Demonstrate this simple exercise. Concentrations The next exercise will involve sugar. Beginning Concentration X Beginning Volume = Ending Concentration X Ending Volume VBegin x CBegin = VEnd x CEnd At this point, present this equation on the chalk board. So we have VBegin = 60 ml and CBegin = 0.04g/ml. Salinity Next introduce the concept of salinity. The salinity of seawater is typically in the range of about 33-35 parts per thousand (ppt). 100 ml of water will weigh 100 grams. To demonstrate the concept of salinity ppt lets begin by making a solution that is 100 ppt. Fill a 100 ml graduated cylinder with 100 ml of distilled water. Next weigh 10 grams of salt and add it to the water. Dilution. Water Weight Conversion. How Much Does a Gallon of Water Weigh? | ChemistryTwig. Oddly enough, I am often asked how much a gallon of water weighs. I’ve heard guesses anywhere from 5 pounds to 15 pounds.

How much does a gallon of water really weigh? The simple answer is that a gallon of water weighs about 8.3 pounds. However, this answer comes with a caveat. Someone trying to be smart with you (or just taking the question literally) may tell you that it’s a trick question that has no answer the way it was asked. They may also simply ask for the temperature of the water.

The thing is, assuming we are talking about liquid water, the weight per gallon, referred to as the density, of water will fluctuate with temperature. Now, imagine you have a gymnasium and you draw a square on the floor that fills half the gymnasium. You get people moving. Hope this will help clear up any questions about the weight of a gallon of water! [Photo Credit] David Mulder About The Author Marc. Index of /info/Science. A Journey through Climate History. Accelerating Voltage Physics Calculator. Dolores Gende: Environmental Science, Chapter 3. Fig. 3.10 The same principle of storage and release of potential energy applies to ecosystems. Matter, Energy and Life Fig. 3.1 From a biological point of view, the three most important gases of the lower atmosphere are nitrogen, oxygen, and carbon dioxide. Fig. 3.2 Water consists of molecules, each of which is formed by two hydrogen atoms bonded to an oxygen atom (H2O).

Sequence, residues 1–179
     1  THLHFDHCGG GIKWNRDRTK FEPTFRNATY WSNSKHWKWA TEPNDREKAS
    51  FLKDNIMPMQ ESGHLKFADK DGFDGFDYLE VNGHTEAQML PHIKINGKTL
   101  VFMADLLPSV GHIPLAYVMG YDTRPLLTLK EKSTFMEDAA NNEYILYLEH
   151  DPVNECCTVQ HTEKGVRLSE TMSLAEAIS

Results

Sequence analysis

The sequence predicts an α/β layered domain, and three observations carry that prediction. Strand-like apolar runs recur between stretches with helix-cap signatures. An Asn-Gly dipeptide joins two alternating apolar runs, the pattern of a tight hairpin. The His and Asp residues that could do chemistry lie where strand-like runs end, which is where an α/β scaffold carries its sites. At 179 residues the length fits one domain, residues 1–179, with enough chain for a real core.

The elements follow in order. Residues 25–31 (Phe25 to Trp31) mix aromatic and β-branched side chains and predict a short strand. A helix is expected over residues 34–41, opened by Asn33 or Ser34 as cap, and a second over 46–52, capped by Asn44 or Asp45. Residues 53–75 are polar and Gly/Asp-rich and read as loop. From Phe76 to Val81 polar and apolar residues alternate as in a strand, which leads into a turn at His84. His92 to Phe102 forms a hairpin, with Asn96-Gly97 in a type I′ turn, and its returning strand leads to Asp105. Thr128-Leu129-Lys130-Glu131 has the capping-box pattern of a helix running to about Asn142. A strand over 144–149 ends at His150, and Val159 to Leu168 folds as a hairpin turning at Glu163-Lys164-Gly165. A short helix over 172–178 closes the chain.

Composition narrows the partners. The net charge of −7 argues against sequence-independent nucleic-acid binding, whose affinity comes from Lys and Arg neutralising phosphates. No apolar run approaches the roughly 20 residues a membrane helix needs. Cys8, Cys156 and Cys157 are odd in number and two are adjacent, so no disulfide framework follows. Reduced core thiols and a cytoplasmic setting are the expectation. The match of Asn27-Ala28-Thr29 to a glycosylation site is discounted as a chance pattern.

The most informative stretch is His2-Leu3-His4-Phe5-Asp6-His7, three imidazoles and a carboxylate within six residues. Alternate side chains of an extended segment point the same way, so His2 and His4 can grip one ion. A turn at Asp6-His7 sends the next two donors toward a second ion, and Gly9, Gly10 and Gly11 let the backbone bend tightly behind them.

In water vapor, the molecules are separate and independent. Fig. 3.5 The organic molecules making up living organisms are larger and more complex than the inorganic molecules found in the environment. Fig. 3.3 The atoms of most elements gain or lose one or more electrons, becoming negative (-) or positive (+) ions. Fig. 3.6 Biological systems include levels of complexity beginning with atoms and molecules and broadening up to the biosphere. Fig. 3.7 Kinetic energy is energy in one of its active forms.

Fig. 3.8 Any form of energy can be converted to any other form, except heat energy. IV. A. B. 1. Warming. 4. IV. 1. Faculty of Science / Current students / Educational resources. National Science Week posters National Science Week (NSW) is a countrywide celebration of science which aims to highlight the importance of science in people's daily lives. The theme for 2012 is"The Role of Science in Economic Development". This annual country-wide event is led by the Department of Science and Technology (DST), and supported by the South African Agency for Science and Technology Advancement (SAASTA).

It is aimed at highlighting the important role science plays in everyday life and attracting the country's youth to enter and remain in science related studies and careers. The Science Faculty at UCT has for the last six years participated in NSW by producing high quality, scientifically up-to-date posters which are distributed to schools and used as a resource for teachers, learners and educators. Click on the images to enlarge. back to top.